Are the colors, font styles, and font sizes consistent on your website or blog? It’s easy to be seduced by a sexy font or a trendy color, but don’t be. As an artist, you should be more concerned about the visual presentation of your art than about any fancy design tricks. The art should always be shown in its best light.
One way to keep the attention on your art is to be consistent with the design elements. You should do a lot of planning so that site visitors don’t think too much about how things look when they visit your site. They’ll just focus on the art!
Let’s start with color.
HTML (Hypertext Markup Language) coding for building websites uses a six-digit number for every color you choose. For example, #CC0000 is the red in my links on ArtBizCoach.com and #C8C1AF is the light gray background on this blog. (Update: these are the old colors of this site.)
You’ll want to choose two or three main colors for your sites, and they shouldn’t be jarring. Instead, they should provide a harmonious backdrop for your art.
You don’t want people to look at your site and applaud your color choices. You want them to applaud your art! To help with your color selection, check out these tools.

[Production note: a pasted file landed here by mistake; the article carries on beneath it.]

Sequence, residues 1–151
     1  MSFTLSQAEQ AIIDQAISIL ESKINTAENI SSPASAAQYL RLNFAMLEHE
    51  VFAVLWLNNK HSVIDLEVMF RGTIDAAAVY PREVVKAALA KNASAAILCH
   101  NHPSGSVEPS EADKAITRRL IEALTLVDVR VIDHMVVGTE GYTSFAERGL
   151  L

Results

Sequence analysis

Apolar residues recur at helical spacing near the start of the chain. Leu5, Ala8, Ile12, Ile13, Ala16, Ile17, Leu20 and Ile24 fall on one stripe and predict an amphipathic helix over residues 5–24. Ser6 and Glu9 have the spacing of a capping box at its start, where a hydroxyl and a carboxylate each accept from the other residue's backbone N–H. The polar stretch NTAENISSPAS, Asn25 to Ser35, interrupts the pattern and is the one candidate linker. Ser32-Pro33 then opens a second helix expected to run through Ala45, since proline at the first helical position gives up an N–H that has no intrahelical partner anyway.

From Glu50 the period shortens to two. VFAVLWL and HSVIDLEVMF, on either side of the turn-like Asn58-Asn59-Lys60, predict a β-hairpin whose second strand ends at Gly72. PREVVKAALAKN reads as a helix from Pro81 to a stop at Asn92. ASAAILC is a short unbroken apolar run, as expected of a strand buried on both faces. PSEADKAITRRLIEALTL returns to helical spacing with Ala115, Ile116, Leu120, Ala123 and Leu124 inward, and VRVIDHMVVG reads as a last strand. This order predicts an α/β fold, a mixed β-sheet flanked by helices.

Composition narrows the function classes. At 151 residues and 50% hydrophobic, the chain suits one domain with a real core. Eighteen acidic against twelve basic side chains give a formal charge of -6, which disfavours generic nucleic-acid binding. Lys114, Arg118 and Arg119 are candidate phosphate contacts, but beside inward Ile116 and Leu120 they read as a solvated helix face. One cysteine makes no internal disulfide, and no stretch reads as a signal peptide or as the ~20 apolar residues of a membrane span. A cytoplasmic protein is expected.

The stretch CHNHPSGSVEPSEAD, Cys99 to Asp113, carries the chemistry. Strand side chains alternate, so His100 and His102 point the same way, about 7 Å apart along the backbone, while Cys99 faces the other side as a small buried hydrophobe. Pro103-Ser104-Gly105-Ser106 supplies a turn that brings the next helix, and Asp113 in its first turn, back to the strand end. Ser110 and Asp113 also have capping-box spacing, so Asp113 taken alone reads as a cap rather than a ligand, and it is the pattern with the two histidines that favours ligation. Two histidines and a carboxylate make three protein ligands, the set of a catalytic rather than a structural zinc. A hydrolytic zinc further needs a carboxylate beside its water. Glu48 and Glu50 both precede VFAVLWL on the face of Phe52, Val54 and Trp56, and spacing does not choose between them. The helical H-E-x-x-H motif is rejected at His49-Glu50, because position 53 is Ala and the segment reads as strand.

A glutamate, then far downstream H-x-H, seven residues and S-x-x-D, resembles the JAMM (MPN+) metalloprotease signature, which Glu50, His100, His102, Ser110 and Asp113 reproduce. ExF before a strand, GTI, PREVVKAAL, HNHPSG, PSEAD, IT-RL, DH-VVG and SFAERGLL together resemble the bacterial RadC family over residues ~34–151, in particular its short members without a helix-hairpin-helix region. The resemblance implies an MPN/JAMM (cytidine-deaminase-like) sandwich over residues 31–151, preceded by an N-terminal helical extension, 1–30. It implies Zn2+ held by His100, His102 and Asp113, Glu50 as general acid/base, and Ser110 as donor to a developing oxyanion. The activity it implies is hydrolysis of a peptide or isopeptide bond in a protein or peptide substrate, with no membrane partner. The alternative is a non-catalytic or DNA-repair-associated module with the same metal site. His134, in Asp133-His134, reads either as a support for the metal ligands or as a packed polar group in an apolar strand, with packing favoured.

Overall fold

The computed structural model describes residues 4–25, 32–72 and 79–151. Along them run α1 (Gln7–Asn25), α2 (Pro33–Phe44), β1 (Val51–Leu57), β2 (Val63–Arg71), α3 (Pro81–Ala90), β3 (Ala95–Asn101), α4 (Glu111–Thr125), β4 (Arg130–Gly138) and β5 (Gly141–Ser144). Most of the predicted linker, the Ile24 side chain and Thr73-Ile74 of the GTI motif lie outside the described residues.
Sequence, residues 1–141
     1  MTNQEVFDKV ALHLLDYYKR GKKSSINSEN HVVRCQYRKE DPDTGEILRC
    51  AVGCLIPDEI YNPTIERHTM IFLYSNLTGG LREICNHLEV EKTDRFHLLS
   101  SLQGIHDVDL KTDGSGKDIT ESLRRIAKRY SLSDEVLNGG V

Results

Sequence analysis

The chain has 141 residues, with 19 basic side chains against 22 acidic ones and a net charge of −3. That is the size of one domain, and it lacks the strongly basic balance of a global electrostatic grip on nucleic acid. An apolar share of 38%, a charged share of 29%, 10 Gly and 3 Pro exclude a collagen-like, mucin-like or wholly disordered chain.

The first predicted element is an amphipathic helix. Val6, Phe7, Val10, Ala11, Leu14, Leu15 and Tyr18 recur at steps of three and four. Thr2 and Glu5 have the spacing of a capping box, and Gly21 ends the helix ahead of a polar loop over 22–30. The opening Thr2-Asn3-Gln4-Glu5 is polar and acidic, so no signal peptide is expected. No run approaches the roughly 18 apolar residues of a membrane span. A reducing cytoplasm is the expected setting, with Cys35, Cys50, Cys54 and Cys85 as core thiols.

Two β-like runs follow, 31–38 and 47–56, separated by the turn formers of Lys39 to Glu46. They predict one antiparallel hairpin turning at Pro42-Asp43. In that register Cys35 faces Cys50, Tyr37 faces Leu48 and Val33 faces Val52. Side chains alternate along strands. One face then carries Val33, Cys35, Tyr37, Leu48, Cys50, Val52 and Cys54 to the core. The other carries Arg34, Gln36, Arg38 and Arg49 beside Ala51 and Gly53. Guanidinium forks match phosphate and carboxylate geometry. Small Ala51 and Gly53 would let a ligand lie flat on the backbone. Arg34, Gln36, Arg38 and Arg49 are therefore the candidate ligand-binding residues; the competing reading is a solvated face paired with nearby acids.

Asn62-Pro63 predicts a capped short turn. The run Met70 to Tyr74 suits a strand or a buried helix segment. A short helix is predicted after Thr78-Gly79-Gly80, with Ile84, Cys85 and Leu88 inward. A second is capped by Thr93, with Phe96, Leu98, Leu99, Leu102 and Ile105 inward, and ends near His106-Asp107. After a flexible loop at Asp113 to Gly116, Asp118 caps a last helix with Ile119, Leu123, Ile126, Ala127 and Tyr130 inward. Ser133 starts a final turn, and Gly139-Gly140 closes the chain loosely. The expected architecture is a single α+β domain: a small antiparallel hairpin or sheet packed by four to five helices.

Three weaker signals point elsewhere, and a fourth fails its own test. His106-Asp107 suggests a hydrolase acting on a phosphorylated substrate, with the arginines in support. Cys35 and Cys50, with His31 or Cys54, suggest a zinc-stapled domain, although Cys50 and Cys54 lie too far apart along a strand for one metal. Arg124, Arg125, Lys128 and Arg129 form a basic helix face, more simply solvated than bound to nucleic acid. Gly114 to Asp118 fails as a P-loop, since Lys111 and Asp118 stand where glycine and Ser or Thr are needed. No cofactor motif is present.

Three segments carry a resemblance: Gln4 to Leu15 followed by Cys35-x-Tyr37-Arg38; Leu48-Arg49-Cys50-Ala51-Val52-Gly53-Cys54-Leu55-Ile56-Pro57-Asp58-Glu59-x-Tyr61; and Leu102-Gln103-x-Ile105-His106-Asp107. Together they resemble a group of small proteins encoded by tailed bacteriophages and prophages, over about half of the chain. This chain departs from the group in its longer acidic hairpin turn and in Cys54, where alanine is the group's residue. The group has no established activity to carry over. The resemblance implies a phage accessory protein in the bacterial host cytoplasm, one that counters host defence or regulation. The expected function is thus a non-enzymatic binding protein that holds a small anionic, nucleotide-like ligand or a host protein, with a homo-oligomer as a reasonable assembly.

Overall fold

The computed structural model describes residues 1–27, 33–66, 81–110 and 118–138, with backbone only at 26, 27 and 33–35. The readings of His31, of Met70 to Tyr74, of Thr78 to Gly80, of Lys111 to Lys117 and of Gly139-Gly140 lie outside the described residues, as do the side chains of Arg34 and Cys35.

Next, let’s look at your font styles.
There are a limited number of fonts that are universal. You want to stick to these styles in your text. (Text in graphics is another matter.) These include, but may not be limited to, the following.
Sans Serif Font Styles: Arial (not Arial MT), Verdana, Tahoma, Trebuchet
Serif Font Styles: Times New Roman, Georgia
Before you choose a serif font, I urge you to view it on various computers and browsers. I initially wanted to use Georgia on my website until my Web guru sent me a screen capture of what it looks like on her PC. It was pretty handsome on my Mac, but it looked awful on her PC. Sans serif fonts are more reliable across platforms and easier to read on an electronic screen.
In addition to the font family you choose for your site, you also need to think about when and how you’ll use all caps, italics, bold, and indented text.
Finally, consider font sizes.
Decide what font size you’ll use for paragraph text, headings, subheadings, and credit lines that go next to your artwork. Pick your color for each one and . . . Voilà! You have a style sheet.
FINAL WORD: Creating a style sheet to use as a guideline for your website and blog will 1) give your site a more professional look and 2) make it easier on you because you no longer have to spend time worrying about what color or font to use.
The podcast is an audio version of this post.